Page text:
GALWAY THEATRE company Wolf Meets World are in An Taibhdhearc next week with the Irish premiere of Seamus Scanlon’s The McGowan Trilogy, a trio of one-act plays which have already enjoyed a successful run in New York, winning awards for Best Actress, Best Director, and Best Design at the city’s annual Irish Theatre Festival.
The trilogy centres on Belfast Republican Victor M McGowan (the M stands for murder ), and, home from New York for the plays’ Galway production, author Seamus Scanlon, first discussed with me, how he got into writing.
“I think the reading/writing urge came from my parents,” he says. “My father did not go to secondary school but was a great reader. I remember him putting the newspaper on the floor and we would crawl around it trying to decipher the words. Our knees and palms were black from the print. From early on we were reading everything. My mother did go to secondary school but because of rural poverty in Mayo did not have the £50 needed to attend college – that is why she made it her number one priority that we all attend.
“Dan Taheny, an English teacher in the Bish, was also a big influence. Dan played recordings of Dylan Thomas reciting his poetry. It was powerful and moving and I was overwhelmed but I could not let on. I also found the Exploring English series very powerful.
“Dan often read stories to our class from pupils from unremarkable rural and urban Galway such as my classmates Robert Curley, from Cross Street, and John O’Brien, from Mervue, that were very impressive. When Dan read out one of my brother’s stories, he was four years younger than me, I knew it was over! I forgot about writing and studied science. The writing urge lay dormant for many years so I am trying to make up for lost time. I took my first writing class in Galway where I managed to get past one paragraph. That story became the genesis of The McGowan Trilogy.”
Scanlon reveals how the trilogy evolved: “I had written a few one act plays with the central character Victor M McGowan. The first play, Dancing at Lunacy, was produced in New York in 2012 at the Cell Theater. The show went well so the directors at the Cell asked to look at more plays. We worked together to find three one acts that would make sense together and they were presented at the Irish Theater Festival in New York by Origin Theatre Company last September.”
Whereas Dancing at Lunacy takes place in the all-male milieu of a Republican drinking den, interestingly both the other plays sees Victor engage with women.
“Women actors were saying when are you going to write some roles for us so it was good incentive to expand Victor’s character beyond the maniacal persona in Dancing,” Scanlon explains. “The logical extension was for Victor to be in a situation where sticking rigidly to his internal rulebook on crime, punishment, loyalty, devotion to a cause, would be severely tested. So I wrote The Long Wet Grass. It is the ultimate test for Victor – his childhood friend that he was in love with – commits a minor transgression that places Victor in a moral dilemma pitting his rigid rulebook adherence against his mostly submerged instinct to be humane.”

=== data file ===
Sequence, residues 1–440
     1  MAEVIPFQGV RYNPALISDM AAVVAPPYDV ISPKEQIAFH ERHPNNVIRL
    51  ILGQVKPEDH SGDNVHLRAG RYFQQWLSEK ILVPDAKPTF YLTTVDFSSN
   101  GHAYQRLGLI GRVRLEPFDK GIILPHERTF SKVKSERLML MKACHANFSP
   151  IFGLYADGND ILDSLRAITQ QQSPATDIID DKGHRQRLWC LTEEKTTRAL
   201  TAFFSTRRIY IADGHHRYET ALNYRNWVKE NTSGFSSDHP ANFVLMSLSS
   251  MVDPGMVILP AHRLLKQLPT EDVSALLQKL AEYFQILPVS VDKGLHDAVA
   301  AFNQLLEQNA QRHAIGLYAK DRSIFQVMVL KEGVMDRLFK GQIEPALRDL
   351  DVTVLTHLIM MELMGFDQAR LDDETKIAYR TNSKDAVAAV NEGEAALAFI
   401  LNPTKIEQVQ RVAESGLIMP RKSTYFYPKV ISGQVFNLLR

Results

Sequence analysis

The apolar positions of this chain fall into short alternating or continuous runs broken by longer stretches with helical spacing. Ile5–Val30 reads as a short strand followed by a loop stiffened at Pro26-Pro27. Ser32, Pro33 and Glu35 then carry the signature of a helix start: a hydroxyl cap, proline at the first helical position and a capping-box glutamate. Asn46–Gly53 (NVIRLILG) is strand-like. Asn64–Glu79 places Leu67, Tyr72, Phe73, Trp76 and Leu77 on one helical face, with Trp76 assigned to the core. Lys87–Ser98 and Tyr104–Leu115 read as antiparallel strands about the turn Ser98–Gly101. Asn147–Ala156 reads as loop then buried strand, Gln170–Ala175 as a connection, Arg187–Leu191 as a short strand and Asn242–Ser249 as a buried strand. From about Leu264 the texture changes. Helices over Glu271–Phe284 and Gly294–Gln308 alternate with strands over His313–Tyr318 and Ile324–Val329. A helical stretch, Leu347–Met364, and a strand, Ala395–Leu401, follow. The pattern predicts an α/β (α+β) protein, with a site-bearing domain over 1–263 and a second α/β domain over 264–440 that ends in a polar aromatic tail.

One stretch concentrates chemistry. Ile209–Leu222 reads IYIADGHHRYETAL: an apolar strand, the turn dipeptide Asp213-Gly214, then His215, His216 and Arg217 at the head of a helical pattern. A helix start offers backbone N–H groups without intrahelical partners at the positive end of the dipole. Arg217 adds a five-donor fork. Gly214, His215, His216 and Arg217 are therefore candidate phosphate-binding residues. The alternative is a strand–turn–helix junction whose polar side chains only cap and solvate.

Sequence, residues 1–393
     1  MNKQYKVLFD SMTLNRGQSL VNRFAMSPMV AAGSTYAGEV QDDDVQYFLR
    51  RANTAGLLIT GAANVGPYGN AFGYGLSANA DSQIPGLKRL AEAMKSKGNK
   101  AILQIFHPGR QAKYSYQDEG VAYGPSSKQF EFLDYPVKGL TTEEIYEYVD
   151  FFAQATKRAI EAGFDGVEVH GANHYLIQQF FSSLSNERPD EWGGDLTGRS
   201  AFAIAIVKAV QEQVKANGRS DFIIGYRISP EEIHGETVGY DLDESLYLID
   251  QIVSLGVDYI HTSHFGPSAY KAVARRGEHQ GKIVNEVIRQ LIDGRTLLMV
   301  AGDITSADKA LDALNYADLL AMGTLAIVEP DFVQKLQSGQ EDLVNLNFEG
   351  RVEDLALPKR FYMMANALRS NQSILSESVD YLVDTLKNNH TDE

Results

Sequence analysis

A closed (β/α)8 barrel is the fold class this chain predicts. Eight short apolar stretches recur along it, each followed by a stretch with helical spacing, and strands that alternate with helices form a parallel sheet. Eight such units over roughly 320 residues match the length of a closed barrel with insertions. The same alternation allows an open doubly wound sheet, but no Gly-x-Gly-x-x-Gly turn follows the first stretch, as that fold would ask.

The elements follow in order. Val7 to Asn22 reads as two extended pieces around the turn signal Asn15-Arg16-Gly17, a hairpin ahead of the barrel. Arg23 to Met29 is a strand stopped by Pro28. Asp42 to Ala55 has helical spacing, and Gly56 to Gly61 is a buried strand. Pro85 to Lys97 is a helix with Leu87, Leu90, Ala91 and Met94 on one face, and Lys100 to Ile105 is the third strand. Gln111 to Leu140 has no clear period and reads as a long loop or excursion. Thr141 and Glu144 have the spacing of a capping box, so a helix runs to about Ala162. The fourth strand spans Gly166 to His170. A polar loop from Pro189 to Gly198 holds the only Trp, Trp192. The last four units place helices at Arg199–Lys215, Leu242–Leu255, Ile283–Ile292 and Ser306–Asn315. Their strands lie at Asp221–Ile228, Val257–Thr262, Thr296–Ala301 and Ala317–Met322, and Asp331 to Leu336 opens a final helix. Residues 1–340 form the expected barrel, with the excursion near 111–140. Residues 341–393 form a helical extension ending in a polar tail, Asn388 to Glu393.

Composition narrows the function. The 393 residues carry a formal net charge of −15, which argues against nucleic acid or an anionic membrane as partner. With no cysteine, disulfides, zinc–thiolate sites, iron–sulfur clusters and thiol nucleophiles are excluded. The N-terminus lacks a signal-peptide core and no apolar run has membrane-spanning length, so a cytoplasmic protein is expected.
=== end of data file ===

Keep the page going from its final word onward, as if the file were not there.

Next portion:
Victor and his mother are the focus of Boys Swam Before Me. Victor and his mother have a complicated history which also involves connections to the girl in The Long Wet Grass and Victor has another dilemma to face.
“Victor is his own worst enemy,” says Scanlon. “He is high functioning Mensa-material, psychopathic personality with a penchant for guns, puns, the pogo, cruelty and ruthlessness, but he has another dimension that surfaces in the two plays featuring women. He is afraid of nothing except women.”
Scanlon concludes with his thoughts on the plays’ Galway run, and on his own, recently discovered connections to An Taibhdhearc.
“I have great confidence in Wolf Meets World and cast and crew,” he says. “I know they all love it so that is a great plus. I am thrilled it is in An Taibhdhearc – I have a connection there although did not know it until recently. My mother sent me to a drama class in Irish in Quay Street. We staged an amateur play with Maeliosa Stafford, even then I knew he was great, and some others. We were portraying IRA volunteers and the shotgun I carried was very heavy plus I forgot my lines so I was scarred for life acting wise. I hope to make amends this time.”
The cast for the trilogy is Luke Morgan, Paul Dunning, Aoife Martyn, Jackie Roantree, Paul O’Brien and Eric Ó Máirtín. The director is Adrian Lavelle and the producer is John O’Connor. The trilogy is staged on Friday June 5 at 8pm and Saturday 6 at 2pm and 8pm. Ahead of the plays’ run, there will be a staged reading of The Long Wet Grass followed by Q&A with the author, cast, and crew, in Sheridan’s Cheesemonger & Wine Bar this evening at 8pm.
For more information contact 091 – 562024 or email firstname.lastname@example.org. The author is also offering four single tickets to readers who email email@example.com with the answer to the question: What does the M stand for in Victor M McGowan?